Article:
Cohen, who lives in Philadelphia, has spent decades perfecting his immersive style. His work from the '70s and '80s was collected on three retrospective LPs that, like this record, came out on Rabih Beaini's Morphine label. In the '90s, he stopped recording, deciding his improvisatory approach was better suited to live performance. Brother I Prove You Wrong is his first recorded material since the Morphine reissue brought him into the spotlight, and his most substantial new release in a long time. It demonstrates that, after all those years of work, Cohen's music is sounding better than ever.
What's particularly striking is the range Cohen gets out of his humble tabletop instrument. The Buchla itself is bewitching, its skewed tonalities sounding distinct from the usual cast of vintage synths. But surely only Cohen could make it sing like it does here, from the synthetic dawn chorus of "Cloud Hands" to the almost-funky "Beirut." "Sacred Mountain" starts off as a sternly hypnotic loop-piece; by the time we've segued into "Visitors Of The Sacred Mountain," we're in some Aguirre-like tropical wilderness, complete with the twitter of distant birdsong.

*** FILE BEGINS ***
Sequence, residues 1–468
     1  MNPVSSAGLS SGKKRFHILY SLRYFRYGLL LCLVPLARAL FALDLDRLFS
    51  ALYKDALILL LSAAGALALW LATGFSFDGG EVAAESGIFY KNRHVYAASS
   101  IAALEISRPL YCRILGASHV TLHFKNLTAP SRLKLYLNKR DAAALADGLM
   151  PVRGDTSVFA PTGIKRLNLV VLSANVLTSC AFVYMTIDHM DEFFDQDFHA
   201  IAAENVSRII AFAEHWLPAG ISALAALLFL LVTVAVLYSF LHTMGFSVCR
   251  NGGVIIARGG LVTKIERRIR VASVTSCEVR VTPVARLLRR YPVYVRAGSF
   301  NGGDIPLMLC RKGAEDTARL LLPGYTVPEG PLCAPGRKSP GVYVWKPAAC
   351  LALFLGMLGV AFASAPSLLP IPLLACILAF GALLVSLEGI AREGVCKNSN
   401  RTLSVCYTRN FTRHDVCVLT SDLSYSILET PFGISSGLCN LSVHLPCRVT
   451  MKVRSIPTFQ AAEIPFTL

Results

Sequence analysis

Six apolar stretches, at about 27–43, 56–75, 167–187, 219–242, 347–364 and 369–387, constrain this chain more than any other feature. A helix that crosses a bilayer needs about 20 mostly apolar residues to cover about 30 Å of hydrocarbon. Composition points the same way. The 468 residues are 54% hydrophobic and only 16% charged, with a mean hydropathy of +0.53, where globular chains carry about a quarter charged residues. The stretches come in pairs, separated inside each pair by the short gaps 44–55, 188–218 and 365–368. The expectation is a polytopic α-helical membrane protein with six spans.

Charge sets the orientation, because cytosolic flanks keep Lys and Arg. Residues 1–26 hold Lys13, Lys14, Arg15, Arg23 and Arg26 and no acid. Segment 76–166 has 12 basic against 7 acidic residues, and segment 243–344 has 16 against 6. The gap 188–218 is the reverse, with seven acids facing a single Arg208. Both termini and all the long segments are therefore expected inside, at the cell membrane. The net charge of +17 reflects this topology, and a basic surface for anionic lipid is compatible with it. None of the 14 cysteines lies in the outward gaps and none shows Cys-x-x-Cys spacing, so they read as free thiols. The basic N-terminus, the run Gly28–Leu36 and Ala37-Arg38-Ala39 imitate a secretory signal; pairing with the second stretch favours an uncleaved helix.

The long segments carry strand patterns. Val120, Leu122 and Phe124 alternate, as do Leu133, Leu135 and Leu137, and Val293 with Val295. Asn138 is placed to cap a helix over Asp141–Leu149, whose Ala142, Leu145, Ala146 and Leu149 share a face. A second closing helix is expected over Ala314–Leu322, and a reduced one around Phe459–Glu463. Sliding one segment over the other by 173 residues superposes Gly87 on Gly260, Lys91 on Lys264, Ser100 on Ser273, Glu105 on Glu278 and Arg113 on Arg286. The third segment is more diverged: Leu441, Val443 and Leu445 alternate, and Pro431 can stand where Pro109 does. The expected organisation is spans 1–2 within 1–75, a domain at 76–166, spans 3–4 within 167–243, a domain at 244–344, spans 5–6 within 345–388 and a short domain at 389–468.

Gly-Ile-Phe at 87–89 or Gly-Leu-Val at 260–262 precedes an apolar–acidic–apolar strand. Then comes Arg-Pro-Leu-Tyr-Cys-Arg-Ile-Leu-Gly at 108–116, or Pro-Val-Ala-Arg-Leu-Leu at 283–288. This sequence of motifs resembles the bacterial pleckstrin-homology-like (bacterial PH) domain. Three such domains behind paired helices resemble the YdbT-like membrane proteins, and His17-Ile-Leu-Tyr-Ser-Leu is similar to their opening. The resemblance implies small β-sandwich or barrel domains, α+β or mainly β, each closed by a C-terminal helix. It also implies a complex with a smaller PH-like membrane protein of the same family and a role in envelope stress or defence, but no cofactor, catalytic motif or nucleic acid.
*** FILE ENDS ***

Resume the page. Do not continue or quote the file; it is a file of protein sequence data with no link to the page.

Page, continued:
These tracks all fall in the album's lighter opening half. Later, Cohen invites us further and further into the depths. "Formation Of Matter" is all low-end throb and eardrum-tickling FX. "Cold War II" is abyssal techno with a frantic climax. The album's best track, "Mankind And Mannequins," is its bleakest, with Cohen's synth work framing a darkly cryptic monologue. The combination brings to mind Robert Ashley's "The Park," except where Ashley's world is gentle and sunny, Cohen's is far grimmer, a sinkhole of slowly escalating dread. "After they had explored all the planets and all the stars of the galaxy, they found that they were completely alone," intones the narrator, presumably Cohen himself. "They realised it was up to them to become everything they had imagined possible." With Brother I Prove You Wrong, Cohen more than fulfils his potential.